Parasiteware Stew

Do you have the recipe for Parasiteware Stew? It’s spicy and bitter, and, man, is it expensive. Here’s how to make it.

Combine emotion, passion, business, ethics, and money. Throw into a huge pot. Stir in affiliates, merchants, adware software, and affiliate networks. Bring to a rapid boil. Add a tablespoon of confusion, simmer covered until the lid blows off from the pressure.

Having concocted this stew, we’re now scraping the ingredients off the walls, trying to sample the outcome. As usual, affiliates are given the slotted spoons. Mmm, tastes… the same.

If you’re unfamiliar with the new witches’ brew poisoning affiliate relationships, you should quickly bone up on spy-, theft-, and parasiteware before reading further.

Where Do Affiliates Stand?

The good news is the stovetop explosion got everyone’s attention. So much so, a meeting of the major players is being scheduled to discuss a “proposed industry standard to help define the rules of engagement regarding affiliate marketing.”

What does that mean?

Pessimistic translation: How do we affiliate networks get these whiny affiliates off our backs so we can continue to keep paying merchants (who do business with adware companies) happy?

Optimistic translation: Our affiliates have valid concerns. We realize they feel strongly about this issue, and justifiably so. Let’s be proactive about addressing this very real problem to everyone’s satisfaction.

I hope (and believe) optimism will win in this case. The vibe out there is anchored in the pessimists’ camp. I’ve seen some badgered merchants become frustrated to the point of distraction over the past couple of weeks.

Confirmed attendees of the upcoming summit (as I write) are Be Free, Commission Junction, LinkShare, and Peformics. Wayne Porter, VP of product development for AffTrack, will act as an independent facilitator.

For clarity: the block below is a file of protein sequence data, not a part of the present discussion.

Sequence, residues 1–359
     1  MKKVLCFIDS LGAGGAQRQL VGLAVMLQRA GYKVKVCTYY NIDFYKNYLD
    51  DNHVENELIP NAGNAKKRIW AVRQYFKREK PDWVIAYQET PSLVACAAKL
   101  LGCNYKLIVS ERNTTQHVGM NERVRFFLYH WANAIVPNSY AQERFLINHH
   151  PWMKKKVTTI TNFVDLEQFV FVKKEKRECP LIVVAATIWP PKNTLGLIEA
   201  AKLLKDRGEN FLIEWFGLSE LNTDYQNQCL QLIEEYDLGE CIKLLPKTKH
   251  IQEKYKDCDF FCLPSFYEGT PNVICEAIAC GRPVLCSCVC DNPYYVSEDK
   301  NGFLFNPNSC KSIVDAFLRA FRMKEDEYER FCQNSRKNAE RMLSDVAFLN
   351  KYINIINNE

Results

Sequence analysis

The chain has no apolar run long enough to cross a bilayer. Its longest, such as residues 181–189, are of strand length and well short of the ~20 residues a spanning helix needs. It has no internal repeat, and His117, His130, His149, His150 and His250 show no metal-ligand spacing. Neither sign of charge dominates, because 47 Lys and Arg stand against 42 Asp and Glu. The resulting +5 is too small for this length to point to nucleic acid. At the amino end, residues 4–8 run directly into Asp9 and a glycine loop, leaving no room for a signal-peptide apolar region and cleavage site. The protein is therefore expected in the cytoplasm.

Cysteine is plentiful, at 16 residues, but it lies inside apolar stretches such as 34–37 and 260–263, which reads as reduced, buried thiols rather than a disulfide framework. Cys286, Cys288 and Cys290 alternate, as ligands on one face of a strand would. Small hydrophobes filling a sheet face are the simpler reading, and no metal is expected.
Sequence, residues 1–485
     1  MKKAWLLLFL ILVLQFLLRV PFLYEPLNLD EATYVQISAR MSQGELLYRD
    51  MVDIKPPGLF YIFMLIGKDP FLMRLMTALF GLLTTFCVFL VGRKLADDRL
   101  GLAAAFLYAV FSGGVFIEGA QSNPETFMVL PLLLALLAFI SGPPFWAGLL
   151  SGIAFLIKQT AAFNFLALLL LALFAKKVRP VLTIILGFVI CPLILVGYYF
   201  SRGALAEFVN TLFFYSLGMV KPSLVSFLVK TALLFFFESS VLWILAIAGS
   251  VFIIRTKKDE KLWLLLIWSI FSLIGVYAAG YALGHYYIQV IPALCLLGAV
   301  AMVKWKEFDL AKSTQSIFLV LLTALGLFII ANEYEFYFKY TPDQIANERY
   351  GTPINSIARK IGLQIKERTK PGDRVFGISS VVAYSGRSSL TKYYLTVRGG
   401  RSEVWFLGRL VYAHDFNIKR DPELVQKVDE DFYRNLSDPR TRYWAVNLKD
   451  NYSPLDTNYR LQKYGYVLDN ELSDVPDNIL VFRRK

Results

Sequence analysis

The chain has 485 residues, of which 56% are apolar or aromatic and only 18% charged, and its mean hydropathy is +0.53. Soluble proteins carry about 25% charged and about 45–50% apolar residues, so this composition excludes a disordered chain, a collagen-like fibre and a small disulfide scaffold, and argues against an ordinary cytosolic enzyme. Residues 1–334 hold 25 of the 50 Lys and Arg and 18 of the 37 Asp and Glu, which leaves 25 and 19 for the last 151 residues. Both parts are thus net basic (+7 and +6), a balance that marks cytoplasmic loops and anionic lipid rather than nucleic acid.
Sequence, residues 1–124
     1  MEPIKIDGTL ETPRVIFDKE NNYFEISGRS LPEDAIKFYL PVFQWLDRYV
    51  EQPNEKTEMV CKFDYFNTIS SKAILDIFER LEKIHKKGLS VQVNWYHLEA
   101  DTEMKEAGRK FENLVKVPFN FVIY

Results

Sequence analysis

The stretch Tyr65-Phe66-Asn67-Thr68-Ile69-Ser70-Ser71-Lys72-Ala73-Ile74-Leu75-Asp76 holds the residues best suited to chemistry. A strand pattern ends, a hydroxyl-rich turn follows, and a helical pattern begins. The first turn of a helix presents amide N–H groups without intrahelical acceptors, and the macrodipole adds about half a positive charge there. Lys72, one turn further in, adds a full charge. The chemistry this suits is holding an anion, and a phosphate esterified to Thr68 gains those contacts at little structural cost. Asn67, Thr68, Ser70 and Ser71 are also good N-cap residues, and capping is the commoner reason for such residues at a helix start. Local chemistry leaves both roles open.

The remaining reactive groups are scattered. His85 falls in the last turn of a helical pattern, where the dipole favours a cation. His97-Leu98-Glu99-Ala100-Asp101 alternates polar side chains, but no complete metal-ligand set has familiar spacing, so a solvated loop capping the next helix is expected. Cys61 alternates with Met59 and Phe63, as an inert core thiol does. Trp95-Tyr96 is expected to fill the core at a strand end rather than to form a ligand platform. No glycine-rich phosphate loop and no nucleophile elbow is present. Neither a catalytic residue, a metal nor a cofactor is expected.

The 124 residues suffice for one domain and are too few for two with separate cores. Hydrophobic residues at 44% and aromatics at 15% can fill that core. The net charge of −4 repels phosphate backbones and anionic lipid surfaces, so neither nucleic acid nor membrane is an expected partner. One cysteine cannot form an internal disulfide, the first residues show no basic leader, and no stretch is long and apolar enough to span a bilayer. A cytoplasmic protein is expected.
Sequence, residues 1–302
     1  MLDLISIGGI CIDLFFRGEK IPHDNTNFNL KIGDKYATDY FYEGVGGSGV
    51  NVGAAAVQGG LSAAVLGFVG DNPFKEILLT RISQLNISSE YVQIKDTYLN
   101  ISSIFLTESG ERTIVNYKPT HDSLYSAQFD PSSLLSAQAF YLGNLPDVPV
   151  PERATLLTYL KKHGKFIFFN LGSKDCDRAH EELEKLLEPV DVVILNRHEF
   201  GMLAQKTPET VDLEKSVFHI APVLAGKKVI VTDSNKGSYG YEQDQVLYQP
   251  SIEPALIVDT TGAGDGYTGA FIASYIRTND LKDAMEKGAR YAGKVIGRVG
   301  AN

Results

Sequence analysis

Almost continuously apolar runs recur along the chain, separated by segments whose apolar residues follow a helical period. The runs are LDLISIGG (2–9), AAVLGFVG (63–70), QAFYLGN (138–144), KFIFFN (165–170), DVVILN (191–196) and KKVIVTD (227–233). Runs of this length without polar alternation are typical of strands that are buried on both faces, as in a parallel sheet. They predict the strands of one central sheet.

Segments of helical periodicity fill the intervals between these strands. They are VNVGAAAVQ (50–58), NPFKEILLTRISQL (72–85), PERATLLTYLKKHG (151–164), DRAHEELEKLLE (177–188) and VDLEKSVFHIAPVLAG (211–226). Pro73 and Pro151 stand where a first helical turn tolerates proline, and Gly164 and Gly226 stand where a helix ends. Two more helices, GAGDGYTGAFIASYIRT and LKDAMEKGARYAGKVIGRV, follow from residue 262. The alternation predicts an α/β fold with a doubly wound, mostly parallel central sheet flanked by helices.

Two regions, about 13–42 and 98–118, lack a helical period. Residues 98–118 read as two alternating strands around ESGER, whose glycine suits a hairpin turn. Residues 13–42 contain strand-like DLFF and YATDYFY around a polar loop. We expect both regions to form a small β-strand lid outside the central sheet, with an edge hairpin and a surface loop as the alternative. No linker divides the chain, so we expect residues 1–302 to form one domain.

“The purpose of the meeting is for major networks to decide on a set of rules for engagement for software applications [adware] as it pertains to affiliate marketing on the major networks,” Wayne said. “There is also hope to come up with methods of enforcement.”

Asked if an affiliate voice would be present at the meeting, Wayne replied, “Who is attending and the agenda [have] not been decided, but this is something we are working on. It is important to point out that the reason this meeting is taking place is because affiliate voices have been heard.”

No Stew for You!

As of now, there’s no confirmation an affiliate voice will be in this meeting. Affiliates may feel like they’re a tiny noodle at the bottom of the bowl. Again, there are two possible reactions to this.

Pessimistic view: Here we go again. The affiliate won’t be heard. The big players will sit in cushy, expensive chairs and gripe about how pesky those darn affiliates can be.

Optimistic view: Four competitors are willing to take off the gloves for a few minutes and help shape standards for affiliate marketing. Angry affiliate voices may cloud a valuable discussion.

What Can We Do to Help?

The networks know what’s going on. They understand why affiliates are angry. Let’s see what they come up with, digest it, then react.

As a small affiliate, root for the optimistic outcome. Remember, you turned up the heat and made things boil over. But you’re not done by far. Stay in the kitchen. Wait to see what happens. Just have the Alka-Seltzer handy, in case you swallow something that doesn’t agree with you.

If you have a comment on this subject, as always, feel free to email me.

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